Fortnightly links (143)
Puzzling through exact sequences: A bedtime story with pictures is a beautiful visual explanation of spectral sequences (and subobjects and quotients) by Ravi Vakil. I guess that some (many?) mathematicians have similar pseudo-visual calculi for such operations (at least, I do) but I cannot put it into actual pictures the way Ravi just did. I don't know whether seeing someone else's visual intuition is actually helpful when you have no idea what's going on, but I might try and use some of the visualisations in my own teaching later.
Nikolas Kuhn, Devlin Mallory, Vaidehee Thatte, Kirsten Wickelgren: An explicit self-duality is an expository writeup on an explicit form of Grothendieck duality in a specialised setting.
This is the first chapter (on the arXiv) of a proceedings volume that Johan de Jong, Wei Ho and myself are putting together, with contributions related to the 2 Stacks project workshops we've had. I've seen the other contributions, and I'm looking forward to sharing them (when they are published as preprints by the authors at some point, and in their final book form) with you!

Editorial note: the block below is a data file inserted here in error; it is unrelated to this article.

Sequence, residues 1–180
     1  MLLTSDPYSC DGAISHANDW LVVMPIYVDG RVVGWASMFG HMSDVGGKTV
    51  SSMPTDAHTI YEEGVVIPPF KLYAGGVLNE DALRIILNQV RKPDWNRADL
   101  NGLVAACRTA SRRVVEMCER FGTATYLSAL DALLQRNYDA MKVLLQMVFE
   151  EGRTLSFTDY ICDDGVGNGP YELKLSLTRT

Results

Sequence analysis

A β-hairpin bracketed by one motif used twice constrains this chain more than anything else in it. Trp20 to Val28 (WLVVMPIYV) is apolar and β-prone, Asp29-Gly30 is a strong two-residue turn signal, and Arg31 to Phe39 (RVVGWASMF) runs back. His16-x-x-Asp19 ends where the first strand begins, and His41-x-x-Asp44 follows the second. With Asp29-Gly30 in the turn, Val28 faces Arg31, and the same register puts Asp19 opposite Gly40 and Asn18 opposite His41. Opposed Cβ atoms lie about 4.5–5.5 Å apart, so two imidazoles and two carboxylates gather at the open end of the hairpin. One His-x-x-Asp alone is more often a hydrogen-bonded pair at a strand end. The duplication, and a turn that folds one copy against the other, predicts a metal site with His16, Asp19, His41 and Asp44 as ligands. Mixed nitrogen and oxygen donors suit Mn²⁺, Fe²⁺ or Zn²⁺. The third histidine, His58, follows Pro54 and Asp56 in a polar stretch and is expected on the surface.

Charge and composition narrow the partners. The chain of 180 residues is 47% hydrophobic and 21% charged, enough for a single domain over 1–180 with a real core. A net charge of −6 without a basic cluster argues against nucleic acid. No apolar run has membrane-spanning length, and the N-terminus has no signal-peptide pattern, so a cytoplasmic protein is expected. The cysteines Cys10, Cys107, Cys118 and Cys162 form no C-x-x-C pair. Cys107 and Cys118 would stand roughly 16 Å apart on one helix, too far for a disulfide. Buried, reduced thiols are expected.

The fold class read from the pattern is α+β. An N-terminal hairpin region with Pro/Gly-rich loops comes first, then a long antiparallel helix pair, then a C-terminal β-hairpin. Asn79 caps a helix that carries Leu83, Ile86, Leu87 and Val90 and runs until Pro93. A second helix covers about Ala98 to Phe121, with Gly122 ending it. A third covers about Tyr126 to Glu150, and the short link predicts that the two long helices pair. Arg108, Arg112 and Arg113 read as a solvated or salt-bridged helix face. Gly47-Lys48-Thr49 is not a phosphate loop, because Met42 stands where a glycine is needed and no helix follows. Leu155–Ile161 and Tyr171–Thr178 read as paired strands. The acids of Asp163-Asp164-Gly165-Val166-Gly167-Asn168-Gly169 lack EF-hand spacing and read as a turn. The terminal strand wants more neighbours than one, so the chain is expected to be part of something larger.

Manjul Bhargava: Galois groups of random integer polynomials and van der Waerden's Conjecture proves van der Waerden's conjecture, which gives the asymptoptic upper bound for the number of monic integer polynomials in a "large box" (with coefficients bounded by some bound $H$) whose Galois group is not the full symmetric group.
I have fond memories to 2011 when I was learning sieve methods and experimented with this problem myself, and somehow it has cemented itself as one of my favourite aspects of Galois theory. It's great to see the problem finally solved!